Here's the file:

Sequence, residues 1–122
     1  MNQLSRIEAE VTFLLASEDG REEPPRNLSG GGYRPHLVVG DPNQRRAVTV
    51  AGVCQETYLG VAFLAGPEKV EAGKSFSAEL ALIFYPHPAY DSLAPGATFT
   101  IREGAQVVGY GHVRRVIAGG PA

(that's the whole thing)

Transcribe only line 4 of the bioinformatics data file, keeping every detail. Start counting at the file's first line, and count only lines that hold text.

   101  IREGAQVVGY GHVRRVIAGG PA